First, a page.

06. File Permissions

Topics
  • File Permissions
  • Types of Permissions
  • Levels of Permissions
  • Mode
  • To See the File Permission
  • File Access Rights
  • chmod - Symbolic Format
  • chmod – Absolute Format
  • Default Permission
  • umask

File Permissions
  • Linux makes it easy for users to share data, but only if the owner of the file allows his/her file to be shared.
  • The file owner is the user who created the file. The owner can set permissions for the file to allow or deny access to the file
  • The types of permissions that can be set: read, write, execute
  • The file owner always has permission to his / her own files by default
  • If the file owner changes a file’s permission so that there is no access to the file, s/he can always change that file’s permission so that there is access again
  • Note: even if the owner of a file gives no access to the file, system administrators with root or superuser login ID still has full access to the file (read, write, and execute permission)

Types of Permissions
  • 3 types of permission: r for read, w for write, and x for execute. 
  • For regular files
    • r : the file can be opened for reading, copying, and linked to
    • w : the file can be modified
    • x : the file can be executed or run
  • For directories:
    • r : the directory can be “read,” which means the filenames in the directory can be listed
    • w : the directory can be modified, which means files can be added to or deleted from the directory
    • x : the files in the directory can be accessed
  • For links: 
    • all 3 permissions are always set, and the owner cannot change this permission
    • This is not a problem since no user can access a link, only the system accesses a link

Levels of Permissions
  • 3 levels of permission:
    • u : (for user) permission for the owner of the file
    • g: (for group) permission for the group in which the file owner belongs. Each user belongs to at least 1 group, as set by system admin. Your group choice is most likely dependent on your job in your organization.
    • o: (for other) permission for all users who are not the owner or who don’t belong in the same group as the owner
  • Each level of permission contains all 3 types of access (r,w,x) 
  • This means that for each file you own, you can set r,w,x access for yourself (as owner), r,w,x access for users in your group, and r,w,x access for all other users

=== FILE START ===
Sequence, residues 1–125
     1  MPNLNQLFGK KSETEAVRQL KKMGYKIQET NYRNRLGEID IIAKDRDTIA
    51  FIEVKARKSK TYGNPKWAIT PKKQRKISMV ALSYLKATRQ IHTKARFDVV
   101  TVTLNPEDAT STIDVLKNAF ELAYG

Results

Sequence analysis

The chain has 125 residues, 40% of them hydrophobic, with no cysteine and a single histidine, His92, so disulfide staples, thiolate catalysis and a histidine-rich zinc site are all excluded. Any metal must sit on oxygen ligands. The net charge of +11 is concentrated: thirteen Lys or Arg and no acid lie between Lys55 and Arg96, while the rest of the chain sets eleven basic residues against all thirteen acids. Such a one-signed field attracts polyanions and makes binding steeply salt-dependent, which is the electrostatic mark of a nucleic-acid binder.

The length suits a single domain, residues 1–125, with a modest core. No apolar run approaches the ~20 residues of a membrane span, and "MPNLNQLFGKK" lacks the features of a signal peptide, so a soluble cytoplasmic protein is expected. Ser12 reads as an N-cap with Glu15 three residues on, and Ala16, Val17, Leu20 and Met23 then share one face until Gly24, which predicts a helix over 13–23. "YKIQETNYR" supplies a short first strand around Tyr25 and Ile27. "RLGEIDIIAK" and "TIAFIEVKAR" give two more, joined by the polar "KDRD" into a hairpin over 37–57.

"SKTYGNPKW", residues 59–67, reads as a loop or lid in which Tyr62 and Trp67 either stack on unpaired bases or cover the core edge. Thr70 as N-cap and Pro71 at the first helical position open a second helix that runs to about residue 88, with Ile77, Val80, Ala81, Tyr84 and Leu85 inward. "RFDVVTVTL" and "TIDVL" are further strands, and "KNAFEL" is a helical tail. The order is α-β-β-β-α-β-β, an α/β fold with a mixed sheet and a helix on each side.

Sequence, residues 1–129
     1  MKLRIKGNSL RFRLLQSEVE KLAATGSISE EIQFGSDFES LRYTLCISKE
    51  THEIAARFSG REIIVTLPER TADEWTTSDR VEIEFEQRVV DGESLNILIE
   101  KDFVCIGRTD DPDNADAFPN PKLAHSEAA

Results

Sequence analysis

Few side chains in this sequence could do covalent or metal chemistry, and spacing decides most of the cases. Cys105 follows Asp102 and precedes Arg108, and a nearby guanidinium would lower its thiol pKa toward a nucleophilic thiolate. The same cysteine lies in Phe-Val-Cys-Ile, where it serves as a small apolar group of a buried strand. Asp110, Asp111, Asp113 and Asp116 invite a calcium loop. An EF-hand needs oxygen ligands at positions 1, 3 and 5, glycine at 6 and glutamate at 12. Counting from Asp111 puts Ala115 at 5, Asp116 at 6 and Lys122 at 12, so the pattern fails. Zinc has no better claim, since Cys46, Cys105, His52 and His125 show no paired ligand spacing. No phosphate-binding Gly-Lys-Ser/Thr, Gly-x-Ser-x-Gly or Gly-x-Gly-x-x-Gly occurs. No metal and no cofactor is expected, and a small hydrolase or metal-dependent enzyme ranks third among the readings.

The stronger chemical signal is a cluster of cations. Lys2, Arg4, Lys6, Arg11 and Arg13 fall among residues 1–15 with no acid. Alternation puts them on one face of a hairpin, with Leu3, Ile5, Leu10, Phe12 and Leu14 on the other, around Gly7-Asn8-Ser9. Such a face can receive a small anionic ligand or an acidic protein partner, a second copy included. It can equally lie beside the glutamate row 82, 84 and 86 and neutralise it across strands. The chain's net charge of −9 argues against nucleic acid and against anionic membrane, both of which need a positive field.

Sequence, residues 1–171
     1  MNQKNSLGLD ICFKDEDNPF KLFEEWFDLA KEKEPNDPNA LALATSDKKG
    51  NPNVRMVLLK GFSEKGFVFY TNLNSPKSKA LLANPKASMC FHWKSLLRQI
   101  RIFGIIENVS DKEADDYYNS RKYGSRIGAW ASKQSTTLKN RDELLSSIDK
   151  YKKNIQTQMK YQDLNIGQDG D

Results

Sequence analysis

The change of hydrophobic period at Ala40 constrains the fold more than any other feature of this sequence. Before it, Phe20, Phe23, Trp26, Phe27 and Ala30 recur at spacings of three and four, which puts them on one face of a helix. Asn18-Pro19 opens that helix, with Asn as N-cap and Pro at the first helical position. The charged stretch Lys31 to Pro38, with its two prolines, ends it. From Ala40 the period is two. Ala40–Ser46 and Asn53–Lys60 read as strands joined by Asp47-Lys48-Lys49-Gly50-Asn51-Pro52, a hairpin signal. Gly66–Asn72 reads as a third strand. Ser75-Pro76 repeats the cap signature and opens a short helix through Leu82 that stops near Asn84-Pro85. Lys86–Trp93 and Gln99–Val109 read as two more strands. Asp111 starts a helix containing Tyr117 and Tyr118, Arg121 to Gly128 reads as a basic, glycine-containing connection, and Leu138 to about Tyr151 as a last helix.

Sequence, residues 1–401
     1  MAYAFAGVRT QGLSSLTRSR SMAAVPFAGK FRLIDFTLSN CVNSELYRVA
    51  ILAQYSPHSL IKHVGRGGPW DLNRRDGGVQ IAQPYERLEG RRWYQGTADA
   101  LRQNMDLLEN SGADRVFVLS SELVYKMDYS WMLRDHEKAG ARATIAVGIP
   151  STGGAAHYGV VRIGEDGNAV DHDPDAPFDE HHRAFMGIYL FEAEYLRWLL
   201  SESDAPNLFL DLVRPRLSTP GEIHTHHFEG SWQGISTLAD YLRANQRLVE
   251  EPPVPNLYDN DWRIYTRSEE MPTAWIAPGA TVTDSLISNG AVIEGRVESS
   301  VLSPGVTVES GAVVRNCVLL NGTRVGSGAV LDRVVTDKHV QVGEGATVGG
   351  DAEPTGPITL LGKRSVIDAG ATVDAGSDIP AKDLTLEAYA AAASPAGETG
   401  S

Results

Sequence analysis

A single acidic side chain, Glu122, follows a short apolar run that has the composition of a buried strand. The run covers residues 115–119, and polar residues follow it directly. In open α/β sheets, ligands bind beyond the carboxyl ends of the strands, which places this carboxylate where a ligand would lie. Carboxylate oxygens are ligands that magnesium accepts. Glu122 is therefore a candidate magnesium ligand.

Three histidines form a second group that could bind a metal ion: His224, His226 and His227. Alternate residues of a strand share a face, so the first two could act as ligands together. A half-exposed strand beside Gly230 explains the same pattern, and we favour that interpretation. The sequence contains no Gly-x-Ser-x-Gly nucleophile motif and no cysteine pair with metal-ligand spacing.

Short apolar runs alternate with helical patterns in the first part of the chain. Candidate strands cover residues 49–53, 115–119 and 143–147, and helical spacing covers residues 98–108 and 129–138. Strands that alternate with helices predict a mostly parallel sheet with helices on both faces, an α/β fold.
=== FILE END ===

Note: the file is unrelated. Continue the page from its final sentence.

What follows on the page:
• The 3 types of permission at each of the 3 levels make up the 9 characters of the mode of the file

Mode
  • The mode of a file shows its access permission
  • The mode is made of 9 characters, representing the 3 types (r,w,x) access for each of the 3 levels of access (u,g,o)
  • The mode of a file can be found in the first column of the long listing of the file
  • For example:    -rwxr-xr-x
    • The first character is the file type: 
    • d (directory), l (link), - (regular file)
    • The next 9 characters are the permissions: the first 3 for user, the middle 3 for group, the last 3 for other. The 3 characters always go in order of read, then write, then execute.
    • If a permission character shows up as r, w, or x, then the corresponding permission type is set. If the permission character shows up as – then the corresponding permission is not set.
    • In the example above: the owner has all 3 r,w,x permission, the group and others can only read or execute the file

To See the File Permission
  • Use ls to see the permission of a file
  • Regular file:    ls  –l   regFileName
    • The mode starts with a – (for regular file), the next 9 characters show the read, write, execute permissions for user, then group, then others
  • Directory:    ls  –ld  directoryName
    • The d option tells ls to list at the directory level, rather than list the files that are under the directory
    • The mode starts with a d (for directory), the next 9 characters show the read, write, execute permissions for user, then group, then others
  • Link:    ls  –l  linkName
    • All permissions for links are always on

File Access Rights
  • Whether you can access a file, and what type of access you have, depend on the permission of the file and the permission of all parent directories to which the file belongs.
  • Example1: fileA has rwxrwxrwx permission, but it belongs in directory dirA, which has rwxr--r-- permission. 
    • If you are not the owner of fileA, you will not be able to access fileA at all because dirA does not give you access to any file under it (no x permission)
  • Example 2: fileB has rw-rw---- permission and belongs in directory dirB, which has rwx--x--x permission. 
    • If you are in the same group as the owner of fileB:
      • you cannot do a listing of dirB and see fileB (no r at dirB)
      • you can modify fileB (x at dirB and rw at fileB)
      • you cannot delete fileB (no w at dirB)
    • If you are not in the same group as the owner of fileB:
      • you have no access to fileB (no permission at fileB, and no r at dirB in order to see a listing of fileB)

chmod - Symbolic Format
  • A file permission can be changed only by the owner of the file or by system admin with superuser (or root) privilege
  • chmod: (for change mode) changes the permission of a file
  • 2 ways to use chmod:  symbolic and absolute
  • Symbolic format for chmod:      chmod   who   operator   permission   filename
    • where
      • who:   u (user), g (group), o (other), a (all)
        • a means u and g and o